Three Questions

Effective succession planning requires candid discussions centered around three questions.  If firm management, lawyer, and client can share and mutually understand their answers to these three questions, fashioning mutually-agreeable solutions becomes a lot easier:

  • What do you want?
  • What do you expect?
  • What are you afraid of?

Running a law firm, a business, or a law practice requires some degree of emotional intelligence.  Believe that all parties have the courage and skills needed to articulate their positions and come to agreement on a solution that works to advance or satisfy everyone’s interests.

Remember too that transitions can be triggered on the client side, not just on your side.  They have retirements and transitions and restructurings in their organization also.  That is why a two-way dialogue is so important.  You want to know what their future intentions and variables are too.

Win-Win-Win: Client Transitions

Law firms, lawyers, and clients need to work through succession issues together, because ultimately everybody wants the same things: continuity, predictability, positive working relationships, and high levels of quality, comfort, performance, and trust.  To maintain these critical relationship elements, it is important to get an early start working toward shared goals.

Transitioning clients effectively can, and where possible, should take a number of years.  We recommend a deliberate process of phasing in new lawyers to serve the client over a period of not less than three years.  That gives the firm time to assess progress and to make any personnel adjustments that may be necessary.  You may not get the staffing right the first time.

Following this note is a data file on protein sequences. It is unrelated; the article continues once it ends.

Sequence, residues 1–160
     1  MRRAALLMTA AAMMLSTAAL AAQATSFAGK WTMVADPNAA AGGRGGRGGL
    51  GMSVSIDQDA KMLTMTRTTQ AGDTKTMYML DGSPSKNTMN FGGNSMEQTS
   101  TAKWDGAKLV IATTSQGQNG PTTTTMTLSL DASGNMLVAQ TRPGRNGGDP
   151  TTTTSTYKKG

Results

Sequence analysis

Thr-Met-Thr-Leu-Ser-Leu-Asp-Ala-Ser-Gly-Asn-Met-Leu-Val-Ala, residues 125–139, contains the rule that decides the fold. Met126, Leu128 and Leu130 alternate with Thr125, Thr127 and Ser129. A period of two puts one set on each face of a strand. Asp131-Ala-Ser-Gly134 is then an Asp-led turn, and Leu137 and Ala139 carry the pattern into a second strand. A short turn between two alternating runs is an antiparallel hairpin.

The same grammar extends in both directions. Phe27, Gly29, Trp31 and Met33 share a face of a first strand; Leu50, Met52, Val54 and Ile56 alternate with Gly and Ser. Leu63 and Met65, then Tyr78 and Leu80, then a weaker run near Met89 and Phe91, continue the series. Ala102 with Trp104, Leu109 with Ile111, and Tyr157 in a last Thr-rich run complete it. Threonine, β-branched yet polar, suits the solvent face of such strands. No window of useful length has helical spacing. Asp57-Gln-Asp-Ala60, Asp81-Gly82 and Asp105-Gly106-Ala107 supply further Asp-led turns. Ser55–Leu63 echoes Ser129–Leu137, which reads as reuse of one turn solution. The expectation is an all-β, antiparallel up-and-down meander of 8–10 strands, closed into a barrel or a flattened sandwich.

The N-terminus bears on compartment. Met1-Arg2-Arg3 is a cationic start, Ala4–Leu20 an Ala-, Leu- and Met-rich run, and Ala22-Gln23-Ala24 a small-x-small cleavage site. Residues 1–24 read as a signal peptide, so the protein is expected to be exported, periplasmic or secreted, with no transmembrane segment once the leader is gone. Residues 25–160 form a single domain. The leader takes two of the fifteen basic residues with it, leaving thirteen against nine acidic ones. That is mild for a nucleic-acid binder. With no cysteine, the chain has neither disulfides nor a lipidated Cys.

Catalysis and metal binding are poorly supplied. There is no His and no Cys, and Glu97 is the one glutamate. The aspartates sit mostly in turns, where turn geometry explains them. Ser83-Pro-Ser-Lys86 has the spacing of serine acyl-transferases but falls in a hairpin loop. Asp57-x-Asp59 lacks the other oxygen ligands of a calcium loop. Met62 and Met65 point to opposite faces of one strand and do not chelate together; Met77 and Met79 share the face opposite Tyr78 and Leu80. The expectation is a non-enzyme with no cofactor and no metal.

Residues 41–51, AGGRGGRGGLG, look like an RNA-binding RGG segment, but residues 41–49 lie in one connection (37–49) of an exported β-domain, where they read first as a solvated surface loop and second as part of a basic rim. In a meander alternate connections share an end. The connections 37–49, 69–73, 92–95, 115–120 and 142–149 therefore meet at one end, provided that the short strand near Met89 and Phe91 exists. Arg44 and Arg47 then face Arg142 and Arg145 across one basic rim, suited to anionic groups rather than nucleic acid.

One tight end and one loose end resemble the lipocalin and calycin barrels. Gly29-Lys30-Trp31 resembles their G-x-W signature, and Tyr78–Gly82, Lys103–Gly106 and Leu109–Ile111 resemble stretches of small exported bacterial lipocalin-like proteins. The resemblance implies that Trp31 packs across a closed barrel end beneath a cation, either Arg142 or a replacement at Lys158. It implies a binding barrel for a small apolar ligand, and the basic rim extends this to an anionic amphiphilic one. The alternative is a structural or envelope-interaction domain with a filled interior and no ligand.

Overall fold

If you are just getting started with transitioning clients, be selective and smart about how much you try to accomplish in the early stages.  Set yourself up to succeed by starting with just a few clients.  Also recognize that some clients are more important to the firm than others, and frankly, some lawyers and practice groups are more important than others (as anyone knows who has ever had to negotiate a client conflict issue between partners).  The clients you focus on transitioning should reflect some combination of financial importance, strategic importance, and do-ability.  Keep it practical, especially in the early stages when you need to demonstrate within the firm that succession planning is a good thing for everybody.